On March 12, Mark Jante, a 59-year-old Middlesex Township man, called 911 to report that he had stabbed someone and was in need of medical attention.
When police arrived on the scene they found Jante covered in blood, and the victim — a man Jante referred to as his “buddy” — bleeding from his back, according to an affidavit of probable cause filed by the Cumberland County District Attorney’s Office.
The victim died as a result of injuries, and Jante became the first of two people charged with criminal homicide in Cumberland County in 2017.
While killings are rare in the county, there is one factor of the crime Jante is accused of that has become common in the commission of violent crimes: alcohol.
When police spoke to Jante on the scene, they reported he smelled of alcohol. Jante, who has been held in Cumberland County Prison without bail since the attack, told police he had been drinking with the victim all day, according to the affidavit.
Alcohol and violence
“Any situation where there’s a potential for violence, you add alcohol and it’s like adding gasoline to a lit fire,” said David Jernigan, associate professor at Johns Hopkins School of Public Health.
Between 2006 and 2010, alcohol was a key factor in more than 300 homicides in Pennsylvania according to the Centers for Disease Control and Prevention. Those 300 people account for more than 14,000 years of potential life lost in the state, according to the CDC.
The CDC reports that alcohol played a pivotal role in nearly half of all homicides and nearly a quarter of all suicides in Pennsylvania.
Alcohol is so prevalent in the commission of violent crimes that domestic assaults fell roughly 9 percent after South Dakota instituted a program that aimed to keep repeat DUI defendants abstinent from alcohol.
Jernigan said there are two main factors why alcohol is so prevalent in violence.
One he said is physiological through a disinhibiting effect, meaning a person may make decisions while under the influence of alcohol that they would not otherwise.
“Alcohol basically disables judgment,” he said. “That’s one of the effects it has on the brain.”
A person who may be prone to violence, but is able to control those tendencies when sober, may not be able to when drinking.
Jernigan said the disinhibiting effect is also amplified by a social expectation that alcohol will act this way.
“Expectancies change when people are drinking,” he said.
Jernigan said in studies in which people are given nonalcoholic beverages but are told the drinks contain alcohol, the participants will disinhibit despite being completely sober.
Both Jernigan and Daniel Webster, a professor at Johns Hopkins School of Public Health, said drinking to excess, or “binge drinking,” is the main concern when it comes to alcohol and crime.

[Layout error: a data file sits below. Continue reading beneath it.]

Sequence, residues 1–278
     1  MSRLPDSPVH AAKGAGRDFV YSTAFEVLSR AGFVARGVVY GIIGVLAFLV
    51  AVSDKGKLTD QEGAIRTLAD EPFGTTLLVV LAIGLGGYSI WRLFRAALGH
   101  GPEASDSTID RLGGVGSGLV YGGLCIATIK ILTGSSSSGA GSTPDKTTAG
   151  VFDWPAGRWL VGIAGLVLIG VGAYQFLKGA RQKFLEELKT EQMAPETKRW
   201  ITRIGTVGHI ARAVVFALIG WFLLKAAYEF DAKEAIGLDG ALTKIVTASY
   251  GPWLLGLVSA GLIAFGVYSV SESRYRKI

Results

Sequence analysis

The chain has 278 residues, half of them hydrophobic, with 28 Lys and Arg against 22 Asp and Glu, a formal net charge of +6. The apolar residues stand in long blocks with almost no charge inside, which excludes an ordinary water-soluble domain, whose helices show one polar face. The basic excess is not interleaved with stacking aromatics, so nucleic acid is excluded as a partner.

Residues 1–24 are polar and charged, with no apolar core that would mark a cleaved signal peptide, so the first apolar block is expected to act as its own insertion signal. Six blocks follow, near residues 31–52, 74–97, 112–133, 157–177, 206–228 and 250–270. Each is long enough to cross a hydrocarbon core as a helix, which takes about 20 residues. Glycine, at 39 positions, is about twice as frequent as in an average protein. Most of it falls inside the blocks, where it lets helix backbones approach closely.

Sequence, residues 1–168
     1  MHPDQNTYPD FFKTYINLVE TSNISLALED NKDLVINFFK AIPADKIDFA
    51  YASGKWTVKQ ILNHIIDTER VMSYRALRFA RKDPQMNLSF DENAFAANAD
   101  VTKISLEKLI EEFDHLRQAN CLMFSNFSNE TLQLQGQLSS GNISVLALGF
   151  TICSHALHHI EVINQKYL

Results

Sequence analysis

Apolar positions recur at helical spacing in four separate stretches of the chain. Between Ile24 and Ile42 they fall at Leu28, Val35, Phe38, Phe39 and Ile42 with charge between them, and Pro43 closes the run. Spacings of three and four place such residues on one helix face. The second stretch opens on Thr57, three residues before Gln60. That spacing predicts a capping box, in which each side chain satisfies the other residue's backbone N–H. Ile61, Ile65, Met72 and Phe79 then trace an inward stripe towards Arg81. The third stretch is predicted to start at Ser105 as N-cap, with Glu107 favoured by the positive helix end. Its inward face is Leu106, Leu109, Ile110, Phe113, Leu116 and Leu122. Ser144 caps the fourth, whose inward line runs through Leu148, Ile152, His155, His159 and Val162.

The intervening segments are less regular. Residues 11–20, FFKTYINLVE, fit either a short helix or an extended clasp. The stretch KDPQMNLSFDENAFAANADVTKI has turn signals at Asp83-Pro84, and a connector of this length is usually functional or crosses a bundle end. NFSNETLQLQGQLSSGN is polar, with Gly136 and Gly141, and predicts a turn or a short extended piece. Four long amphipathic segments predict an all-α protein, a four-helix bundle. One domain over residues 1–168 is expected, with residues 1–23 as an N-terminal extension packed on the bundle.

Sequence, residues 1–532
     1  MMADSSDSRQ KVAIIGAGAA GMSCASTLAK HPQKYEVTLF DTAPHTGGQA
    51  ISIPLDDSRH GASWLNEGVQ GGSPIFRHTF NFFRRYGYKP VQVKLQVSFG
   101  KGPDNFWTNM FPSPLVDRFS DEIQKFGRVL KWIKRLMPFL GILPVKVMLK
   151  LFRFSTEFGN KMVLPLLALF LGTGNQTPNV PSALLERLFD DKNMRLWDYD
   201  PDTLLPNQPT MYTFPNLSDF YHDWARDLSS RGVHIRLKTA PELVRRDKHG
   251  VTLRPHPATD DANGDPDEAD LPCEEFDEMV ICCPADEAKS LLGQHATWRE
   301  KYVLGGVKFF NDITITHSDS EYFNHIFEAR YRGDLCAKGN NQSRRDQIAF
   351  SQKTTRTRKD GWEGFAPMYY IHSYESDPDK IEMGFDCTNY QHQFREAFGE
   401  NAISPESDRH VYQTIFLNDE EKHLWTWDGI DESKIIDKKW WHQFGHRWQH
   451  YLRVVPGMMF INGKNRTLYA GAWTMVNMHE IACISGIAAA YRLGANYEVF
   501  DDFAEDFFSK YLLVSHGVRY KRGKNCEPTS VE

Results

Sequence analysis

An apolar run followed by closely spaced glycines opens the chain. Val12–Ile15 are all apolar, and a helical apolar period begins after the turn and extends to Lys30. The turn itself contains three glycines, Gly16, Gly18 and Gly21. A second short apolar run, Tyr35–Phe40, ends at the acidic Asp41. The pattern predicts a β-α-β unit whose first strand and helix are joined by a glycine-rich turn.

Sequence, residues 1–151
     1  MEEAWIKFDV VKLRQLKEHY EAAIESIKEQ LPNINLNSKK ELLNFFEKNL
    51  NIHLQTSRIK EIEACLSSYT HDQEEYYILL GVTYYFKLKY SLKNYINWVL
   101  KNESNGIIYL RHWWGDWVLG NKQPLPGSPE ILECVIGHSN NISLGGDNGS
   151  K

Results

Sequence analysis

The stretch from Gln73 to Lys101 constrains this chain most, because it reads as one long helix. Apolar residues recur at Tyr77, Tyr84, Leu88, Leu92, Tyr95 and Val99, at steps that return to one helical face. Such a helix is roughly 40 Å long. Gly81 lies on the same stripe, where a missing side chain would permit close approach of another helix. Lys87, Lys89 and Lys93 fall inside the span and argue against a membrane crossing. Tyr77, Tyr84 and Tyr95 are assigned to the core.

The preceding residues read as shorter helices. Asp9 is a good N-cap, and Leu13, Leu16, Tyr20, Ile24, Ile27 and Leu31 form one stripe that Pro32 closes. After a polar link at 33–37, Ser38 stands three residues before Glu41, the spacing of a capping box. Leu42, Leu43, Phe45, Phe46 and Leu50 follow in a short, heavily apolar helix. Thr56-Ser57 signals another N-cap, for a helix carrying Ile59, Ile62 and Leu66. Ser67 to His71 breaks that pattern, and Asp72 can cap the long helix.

“Generally, a little bit of alcohol doesn’t affect our behavior all that much,” Webster said. “It might affect our driving a little bit, but really it affects our behavior in respects to our judgment, our ability to control our impulses and a whole range or things that potentially increase your risk for being involved in a violent encounter. Those things tend to occur on the heavier inebriated range of the spectrum.”
Binge drinking tends to be most prevalent among 18 to 34-year-olds, according to the CDC.
More than a quarter of 18- to 34-year-olds reported binge drinking in 2013, according to the CDC. That drops to roughly 20 percent for 35- to 44-year-olds and tapers off with age, reach roughly 4 percent for people 65 years old or older.
People age 18 to 34 are also typically considered to be in the peak of prime offending age.
In 2016, nearly 60 percent of all charged assaults in Pennsylvania were committed by people between the ages of 18 and 34 years old, according to an analysis of court records conducted by The Sentinel.
Men are also nearly twice as likely to binge drink compared to women, according to the CDC.
In Cumberland County, men accounted for nearly 90 percent of the people charged with aggravated assault in 2016 and more than 80 percent of the people charged with any violent crime, according The Sentinel’s analysis.
Most crime types have a general pattern for when they are committed throughout the week. The prevalence of a charged criminal offense will rise and fall during the week depending on a host of social and behavioral factors and how police resources are allocated to detect those crimes.
For example, DUIs tend to remain relatively steady through the beginning of the week, with a small uptick on Thursday before rising sharply into the weekend, according to an analysis of court records conducted by The Sentinel.
Assaults track very closely to this pattern, according to the analysis. A potential reason for this is that both have a heavy alcohol use component and drinking is more socially acceptable during the weekend than it is during the traditional work week.
Other crime types do not follow this pattern.
Property crimes and non-DUI offenses tend to ebb and flow throughout the work week and generally have the highest percentage of cases occur on Friday before tapering off during the weekend in Cumberland County, according to court records.